Dr. Charlie Teo defends expensive fees for operations and slams at public hospitals for being non-supportive
The controversial brain surgeon Charlie Teo brutally struck public hospitals because they & # 39; are not willing to learn his technique & # 39; amid increasing criticism of his $ 120,000 procedures.
Over the past decade, the physician living in Sydney has taken what other doctors considered unusable and offered brain cancer patients a second chance at life.
But his reputation came under fire when a colleague reported the & # 39; disturbing & # 39; amount of online fundraisers that were run by patients who could not afford his expertise.
Dr. Teo, he kicked back and claimed that NSW Health told him it would have violated his budget if it had allowed him to operate in the public system, The Australian reported.
He said the organization has refused to acknowledge that in some cases it has offered a different level of competence.
Dr. Teo, who claims to have performed 11,000 surgeries, said that neurosurgeons simply felt intimidated by him and then refused to support him.
A controversial brain surgeon has thrown public hospitals because he has not accepted his technique, because he is defending hundreds of thousands of dollars for surgery (photo, Dr. Charlie Teo)
Sydney-based physician Charlie Teo has come under fire by charging patients up to $ 120,000 for high-stakes operations
& # 39; Am I as good as people say I am?
& # 39; If you talk to a neurosurgeon in Australia, they will say it's all nonsense … so why am I being praised and seduced by the best hospitals abroad? & # 39;
He said that if doctors would formally invite him to operate in the public system, he would like to ensure that his patients would not be left out of the bag.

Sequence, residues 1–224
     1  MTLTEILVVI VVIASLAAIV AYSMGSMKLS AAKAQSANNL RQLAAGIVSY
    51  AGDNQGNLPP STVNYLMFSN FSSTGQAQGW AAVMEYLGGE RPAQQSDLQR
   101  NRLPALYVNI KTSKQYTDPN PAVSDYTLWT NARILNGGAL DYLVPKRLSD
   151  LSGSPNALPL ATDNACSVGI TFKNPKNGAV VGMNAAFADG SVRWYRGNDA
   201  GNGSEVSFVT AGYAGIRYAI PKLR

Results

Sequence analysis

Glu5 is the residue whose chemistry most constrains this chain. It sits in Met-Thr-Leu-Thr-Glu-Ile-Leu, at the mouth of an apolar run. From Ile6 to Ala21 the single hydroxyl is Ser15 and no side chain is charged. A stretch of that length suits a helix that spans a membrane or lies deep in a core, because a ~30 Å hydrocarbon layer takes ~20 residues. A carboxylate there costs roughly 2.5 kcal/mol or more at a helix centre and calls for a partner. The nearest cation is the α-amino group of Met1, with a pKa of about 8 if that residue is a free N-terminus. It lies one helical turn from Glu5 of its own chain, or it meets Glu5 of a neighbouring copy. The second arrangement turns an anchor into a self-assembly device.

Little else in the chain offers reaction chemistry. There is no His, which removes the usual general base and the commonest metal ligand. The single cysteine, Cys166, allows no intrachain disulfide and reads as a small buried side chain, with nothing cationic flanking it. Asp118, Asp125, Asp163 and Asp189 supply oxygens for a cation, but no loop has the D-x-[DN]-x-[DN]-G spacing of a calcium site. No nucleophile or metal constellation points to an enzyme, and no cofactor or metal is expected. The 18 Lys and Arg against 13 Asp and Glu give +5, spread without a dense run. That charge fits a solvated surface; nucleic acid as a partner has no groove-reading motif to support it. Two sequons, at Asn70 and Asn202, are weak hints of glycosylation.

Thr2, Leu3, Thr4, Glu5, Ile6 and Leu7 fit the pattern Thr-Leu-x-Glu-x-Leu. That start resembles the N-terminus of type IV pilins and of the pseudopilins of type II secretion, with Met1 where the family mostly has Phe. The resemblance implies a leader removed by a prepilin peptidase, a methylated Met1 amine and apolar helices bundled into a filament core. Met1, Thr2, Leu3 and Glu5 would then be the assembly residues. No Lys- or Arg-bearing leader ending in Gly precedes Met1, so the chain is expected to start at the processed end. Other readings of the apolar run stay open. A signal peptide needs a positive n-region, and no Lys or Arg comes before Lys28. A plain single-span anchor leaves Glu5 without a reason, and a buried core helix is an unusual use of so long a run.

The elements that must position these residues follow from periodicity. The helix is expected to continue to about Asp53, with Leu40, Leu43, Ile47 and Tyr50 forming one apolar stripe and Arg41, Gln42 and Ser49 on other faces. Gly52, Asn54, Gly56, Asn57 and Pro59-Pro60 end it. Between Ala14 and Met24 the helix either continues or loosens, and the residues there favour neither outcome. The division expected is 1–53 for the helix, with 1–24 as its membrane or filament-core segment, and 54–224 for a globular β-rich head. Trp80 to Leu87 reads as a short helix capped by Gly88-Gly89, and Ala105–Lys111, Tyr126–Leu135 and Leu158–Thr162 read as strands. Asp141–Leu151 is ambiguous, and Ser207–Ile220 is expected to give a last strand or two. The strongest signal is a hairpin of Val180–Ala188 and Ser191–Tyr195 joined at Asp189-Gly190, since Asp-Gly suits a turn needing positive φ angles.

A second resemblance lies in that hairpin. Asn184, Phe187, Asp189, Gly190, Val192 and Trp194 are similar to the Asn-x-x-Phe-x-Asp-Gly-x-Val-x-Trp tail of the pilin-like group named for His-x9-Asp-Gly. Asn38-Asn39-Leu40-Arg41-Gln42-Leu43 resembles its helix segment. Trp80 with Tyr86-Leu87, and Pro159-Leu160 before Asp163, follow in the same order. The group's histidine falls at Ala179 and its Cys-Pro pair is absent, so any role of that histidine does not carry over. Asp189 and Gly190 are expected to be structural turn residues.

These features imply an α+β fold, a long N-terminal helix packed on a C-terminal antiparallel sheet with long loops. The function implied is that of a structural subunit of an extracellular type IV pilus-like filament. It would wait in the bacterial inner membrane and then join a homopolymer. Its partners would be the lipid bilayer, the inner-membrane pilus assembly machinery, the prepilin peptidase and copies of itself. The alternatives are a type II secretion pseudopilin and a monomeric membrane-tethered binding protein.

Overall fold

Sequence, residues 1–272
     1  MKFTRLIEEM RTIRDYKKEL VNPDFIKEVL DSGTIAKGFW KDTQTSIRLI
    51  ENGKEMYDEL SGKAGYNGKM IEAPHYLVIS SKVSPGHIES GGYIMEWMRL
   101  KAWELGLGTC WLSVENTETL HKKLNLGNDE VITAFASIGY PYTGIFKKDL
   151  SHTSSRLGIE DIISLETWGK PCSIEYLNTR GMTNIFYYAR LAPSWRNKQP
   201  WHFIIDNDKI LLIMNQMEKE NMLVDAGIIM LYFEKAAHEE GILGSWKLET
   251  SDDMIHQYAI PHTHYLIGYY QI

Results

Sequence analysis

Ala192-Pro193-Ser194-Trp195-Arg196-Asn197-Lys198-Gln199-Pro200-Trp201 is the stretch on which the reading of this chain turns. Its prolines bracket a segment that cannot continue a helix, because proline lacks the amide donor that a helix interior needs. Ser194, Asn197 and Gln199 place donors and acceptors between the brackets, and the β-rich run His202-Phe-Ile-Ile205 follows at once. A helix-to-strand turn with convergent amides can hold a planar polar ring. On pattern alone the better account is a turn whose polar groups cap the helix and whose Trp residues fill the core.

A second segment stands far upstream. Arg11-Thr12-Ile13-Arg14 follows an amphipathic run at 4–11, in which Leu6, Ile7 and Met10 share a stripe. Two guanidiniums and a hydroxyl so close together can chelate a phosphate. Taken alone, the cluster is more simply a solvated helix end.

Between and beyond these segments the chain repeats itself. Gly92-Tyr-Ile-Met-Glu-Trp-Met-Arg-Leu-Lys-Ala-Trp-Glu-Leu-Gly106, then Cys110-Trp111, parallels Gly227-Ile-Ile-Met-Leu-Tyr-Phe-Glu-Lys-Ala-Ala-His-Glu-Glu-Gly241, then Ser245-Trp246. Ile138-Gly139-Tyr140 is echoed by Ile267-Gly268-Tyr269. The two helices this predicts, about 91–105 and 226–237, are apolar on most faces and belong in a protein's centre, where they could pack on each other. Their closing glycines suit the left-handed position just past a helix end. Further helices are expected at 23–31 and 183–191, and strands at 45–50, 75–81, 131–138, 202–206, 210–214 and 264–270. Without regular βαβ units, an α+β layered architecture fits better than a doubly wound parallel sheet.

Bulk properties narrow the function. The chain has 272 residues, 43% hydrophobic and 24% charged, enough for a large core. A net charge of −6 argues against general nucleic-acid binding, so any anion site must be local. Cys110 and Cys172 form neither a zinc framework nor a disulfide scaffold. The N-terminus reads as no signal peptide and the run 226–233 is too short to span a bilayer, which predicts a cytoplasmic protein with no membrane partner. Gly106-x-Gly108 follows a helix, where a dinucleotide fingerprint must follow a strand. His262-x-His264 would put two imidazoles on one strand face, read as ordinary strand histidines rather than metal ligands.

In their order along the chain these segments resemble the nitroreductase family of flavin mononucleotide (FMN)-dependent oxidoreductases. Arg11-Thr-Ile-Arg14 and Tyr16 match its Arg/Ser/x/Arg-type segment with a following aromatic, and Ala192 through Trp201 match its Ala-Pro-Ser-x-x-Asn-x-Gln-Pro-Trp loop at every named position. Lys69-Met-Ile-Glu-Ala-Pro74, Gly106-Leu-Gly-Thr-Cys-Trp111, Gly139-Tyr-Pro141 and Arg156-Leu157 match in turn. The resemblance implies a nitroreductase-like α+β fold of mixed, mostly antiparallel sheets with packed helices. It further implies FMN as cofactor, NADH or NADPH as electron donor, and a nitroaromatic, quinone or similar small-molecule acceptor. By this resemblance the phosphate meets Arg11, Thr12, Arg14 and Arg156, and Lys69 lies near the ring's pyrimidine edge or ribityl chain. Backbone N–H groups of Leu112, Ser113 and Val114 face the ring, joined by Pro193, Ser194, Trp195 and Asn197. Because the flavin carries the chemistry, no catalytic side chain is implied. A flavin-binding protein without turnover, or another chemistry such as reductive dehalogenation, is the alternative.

& # 39; It is all these ego & # 39; s from doctors who are not willing to say: & # 39; Oh, this person is doing better or the hospital is doing better or that unit is doing better & # 39;, & # 39; said Dr. Teo.
He told Sky News that he had picked up work all over the world, although he had found a different attitude in Australia.
& # 39; I have similar agreements everywhere to & # 39; the world's most difficult tumors and yet no one in Australia is willing to invite me to their hospital to learn my technique. I mean, there's something going on there. & # 39;
Dr. Teo first came to the attention after a colleague mentioned the & # 39; disturbing & # 39; amount of online fundraisers that were run by patients who could not afford his expertise.
Professor Henry Woo, a urologist at the University of Sydney School of Medicine, had no fewer than 113 GoFundMe campaigns launched by patients to fund the operations.
Professor Woo pointed in particular to a campaign launched for a girl affected by cancer.
There is something seriously wrong when a terminally ill girl with a brain tumor has to raise $ 120,000 to undergo an operation that Dr. Charlie Teo has offered for $ 60-80K, & # 39; Woo tweeted.
& # 39; If it was a valid operation, it could / should be performed in the public system under Medicare. & # 39;
Professor Woo referred to the case of Perth girl Amelia & # 39; Millie & # 39; Luke 12, who came in the news last week after Dr. Teo said he would perform an open brain operation that could save her life.
Her family turned to GoFundMe and was able to raise more than $ 150,000 in 11 days for the potentially life-saving operation, exceeding the $ 100,000 target.
Professor Woo said he found it difficult to change Dr. Mantra. To reconcile Teo with & # 39; patients as your own family, but leave them financially destitute & # 39 ;.